Branwen Jeffreys:

You had Digby Jones here from the CBI as well. He was promising that bosses should set an example on both pay and pensions. What are you going to be doing to hold him to that?


Brendan Barber:

The problem is Digby's not able to deliver that. I'm not doubting his good intent but unless there's some requirement for companies to operate in a different way, I think we're just going to carry on seeing the same thing happen. Even the company meetings that we've seen where shareholders have voted against some of the excessive executive pay packages, those votes aren't binding. So the board of directors can still carry on even though a majority of the shareholders have voted against the arrangements. So we need to see changes in the law if we're going to really see a pressure for employers to stop these outrageous kinds of increases.


Branwen Jeffreys:

Now we've heard a lot this week about the need for even strong protection for people at work. Kevin Barrow, London asks: Should the rights of British workers, which the TUC wants to see strengthened, be protected by more Government measures, more trade tariffs and wouldn't that just lead to jobs going abroad with big multinationals moving to cheaper countries?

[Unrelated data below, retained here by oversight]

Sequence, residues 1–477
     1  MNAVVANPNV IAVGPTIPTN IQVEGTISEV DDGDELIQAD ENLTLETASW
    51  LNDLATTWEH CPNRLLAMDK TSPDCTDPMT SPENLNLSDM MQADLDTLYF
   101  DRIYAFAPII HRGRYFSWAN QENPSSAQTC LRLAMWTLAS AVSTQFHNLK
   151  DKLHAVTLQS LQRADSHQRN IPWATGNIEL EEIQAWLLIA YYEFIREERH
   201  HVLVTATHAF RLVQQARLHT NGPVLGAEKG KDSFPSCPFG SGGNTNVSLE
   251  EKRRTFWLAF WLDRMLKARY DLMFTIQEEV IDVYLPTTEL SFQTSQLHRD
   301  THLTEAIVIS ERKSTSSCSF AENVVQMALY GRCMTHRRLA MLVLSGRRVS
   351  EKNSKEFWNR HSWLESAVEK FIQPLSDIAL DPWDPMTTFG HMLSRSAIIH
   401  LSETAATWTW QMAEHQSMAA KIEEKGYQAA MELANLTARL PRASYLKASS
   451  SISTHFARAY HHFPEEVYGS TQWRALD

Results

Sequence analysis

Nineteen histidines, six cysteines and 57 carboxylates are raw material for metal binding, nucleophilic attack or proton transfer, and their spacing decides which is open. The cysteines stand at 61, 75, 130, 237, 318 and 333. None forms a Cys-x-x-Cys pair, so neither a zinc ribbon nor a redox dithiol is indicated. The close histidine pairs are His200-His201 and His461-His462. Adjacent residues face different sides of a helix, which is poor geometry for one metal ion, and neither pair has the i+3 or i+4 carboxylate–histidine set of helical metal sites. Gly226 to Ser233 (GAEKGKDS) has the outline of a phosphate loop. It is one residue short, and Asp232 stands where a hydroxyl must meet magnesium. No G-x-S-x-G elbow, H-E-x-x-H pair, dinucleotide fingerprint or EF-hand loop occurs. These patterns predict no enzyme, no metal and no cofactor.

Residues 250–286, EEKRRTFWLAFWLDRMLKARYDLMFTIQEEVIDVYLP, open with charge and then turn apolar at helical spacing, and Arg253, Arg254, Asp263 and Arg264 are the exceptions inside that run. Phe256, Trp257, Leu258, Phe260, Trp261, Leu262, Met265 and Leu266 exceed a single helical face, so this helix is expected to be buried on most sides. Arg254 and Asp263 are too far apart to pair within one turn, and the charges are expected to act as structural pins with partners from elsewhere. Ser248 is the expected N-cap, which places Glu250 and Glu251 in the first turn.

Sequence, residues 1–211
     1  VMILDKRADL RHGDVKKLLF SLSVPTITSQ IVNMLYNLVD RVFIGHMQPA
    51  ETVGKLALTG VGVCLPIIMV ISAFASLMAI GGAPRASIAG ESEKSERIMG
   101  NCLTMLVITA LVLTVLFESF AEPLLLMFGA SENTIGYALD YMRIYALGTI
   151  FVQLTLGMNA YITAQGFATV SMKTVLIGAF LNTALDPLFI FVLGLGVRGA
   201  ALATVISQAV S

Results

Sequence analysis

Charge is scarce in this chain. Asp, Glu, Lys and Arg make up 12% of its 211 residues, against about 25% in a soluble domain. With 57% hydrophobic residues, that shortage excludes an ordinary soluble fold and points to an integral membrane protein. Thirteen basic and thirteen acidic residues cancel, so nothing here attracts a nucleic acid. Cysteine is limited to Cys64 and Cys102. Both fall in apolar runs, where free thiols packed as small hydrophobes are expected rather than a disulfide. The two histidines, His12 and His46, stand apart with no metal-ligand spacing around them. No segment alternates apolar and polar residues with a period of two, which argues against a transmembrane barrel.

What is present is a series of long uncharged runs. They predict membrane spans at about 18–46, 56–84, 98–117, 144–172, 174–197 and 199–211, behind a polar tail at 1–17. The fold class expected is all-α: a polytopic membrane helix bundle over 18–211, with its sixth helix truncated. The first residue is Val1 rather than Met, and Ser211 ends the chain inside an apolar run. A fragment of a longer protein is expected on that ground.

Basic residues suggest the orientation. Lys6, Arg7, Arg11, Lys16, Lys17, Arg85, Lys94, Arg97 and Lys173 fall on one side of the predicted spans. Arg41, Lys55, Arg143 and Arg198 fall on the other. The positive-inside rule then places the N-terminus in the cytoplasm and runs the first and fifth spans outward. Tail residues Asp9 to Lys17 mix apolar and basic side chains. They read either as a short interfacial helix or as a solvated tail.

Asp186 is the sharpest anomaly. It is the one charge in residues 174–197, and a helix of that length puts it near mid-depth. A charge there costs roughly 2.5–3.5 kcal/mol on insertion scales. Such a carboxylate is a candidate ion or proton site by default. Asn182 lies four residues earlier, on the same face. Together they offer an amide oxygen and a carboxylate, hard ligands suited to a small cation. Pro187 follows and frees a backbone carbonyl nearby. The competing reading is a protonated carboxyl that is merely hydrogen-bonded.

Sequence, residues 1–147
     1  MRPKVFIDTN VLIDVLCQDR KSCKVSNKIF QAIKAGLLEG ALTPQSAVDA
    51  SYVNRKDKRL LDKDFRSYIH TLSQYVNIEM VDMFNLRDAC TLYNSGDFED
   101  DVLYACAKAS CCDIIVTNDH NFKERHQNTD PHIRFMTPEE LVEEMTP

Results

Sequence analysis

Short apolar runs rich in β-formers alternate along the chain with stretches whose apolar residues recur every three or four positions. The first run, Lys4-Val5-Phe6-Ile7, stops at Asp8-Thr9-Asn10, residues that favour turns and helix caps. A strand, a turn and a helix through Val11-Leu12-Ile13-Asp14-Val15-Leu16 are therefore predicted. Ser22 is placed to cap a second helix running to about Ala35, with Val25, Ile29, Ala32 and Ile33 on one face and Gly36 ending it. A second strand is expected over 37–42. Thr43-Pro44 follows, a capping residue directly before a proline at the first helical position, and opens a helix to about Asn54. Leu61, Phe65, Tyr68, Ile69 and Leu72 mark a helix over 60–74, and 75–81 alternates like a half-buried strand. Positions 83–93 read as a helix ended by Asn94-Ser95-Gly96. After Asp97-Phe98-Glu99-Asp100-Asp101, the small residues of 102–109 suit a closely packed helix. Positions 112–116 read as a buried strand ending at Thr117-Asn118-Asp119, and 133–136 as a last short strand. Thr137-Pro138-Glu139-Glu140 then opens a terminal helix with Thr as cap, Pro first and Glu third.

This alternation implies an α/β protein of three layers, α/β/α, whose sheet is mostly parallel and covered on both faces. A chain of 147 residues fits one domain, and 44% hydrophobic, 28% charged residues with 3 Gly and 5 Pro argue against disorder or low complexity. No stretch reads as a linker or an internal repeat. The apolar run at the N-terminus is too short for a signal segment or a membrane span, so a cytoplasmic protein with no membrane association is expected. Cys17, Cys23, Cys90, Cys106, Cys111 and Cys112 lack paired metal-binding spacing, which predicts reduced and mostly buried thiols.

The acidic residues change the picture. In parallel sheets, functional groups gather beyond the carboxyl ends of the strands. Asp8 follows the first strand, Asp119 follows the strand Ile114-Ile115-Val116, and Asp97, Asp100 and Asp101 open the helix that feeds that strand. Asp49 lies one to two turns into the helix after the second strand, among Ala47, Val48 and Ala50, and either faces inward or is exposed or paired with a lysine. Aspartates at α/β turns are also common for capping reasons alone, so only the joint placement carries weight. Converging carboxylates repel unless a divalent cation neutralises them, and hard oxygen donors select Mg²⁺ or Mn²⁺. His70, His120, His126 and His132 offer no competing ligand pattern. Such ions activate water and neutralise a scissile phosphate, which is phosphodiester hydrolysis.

Brendan Barber:

I don't think we can go for trade tariffs. But we do think that our legislation here ought to match up to the kind of standards that we see certainly right across the rest of Europe. There's this very strong feeling that British workers are the easiest to sack. If a major multinational company has plants in Britain but also perhaps in France, Germany, Italy and Scandinavia - if they're making a judgement about where perhaps do we need to make cutbacks - they'll too often pick on the British operation because it's too easy to lose people here. So we think that in areas like that our arrangements ought to match up to the rest of Europe.


Branwen Jeffreys:

John in Birmingham wants to pick up perhaps on one of those points. You say British workers are easy to sack. He's concerned about the over 55 year-olds, who often find themselves first in the line for redundancy. What's the TUC doing to try and strengthen their protection at work?


Brendan Barber:

We're going to have some new protections in the form of age discrimination legislation. This is something else that's come about as a result of pressure through Europe that's led to a European Directive - a European law being put in place and over the next couple of years, we've now got to put that into our legislation here in Britain. So that will begin to provide a new protection. I think he's absolutely right, this is an area where we've seen too many people lose out simply on the basis that they're a few years older than some of their colleagues.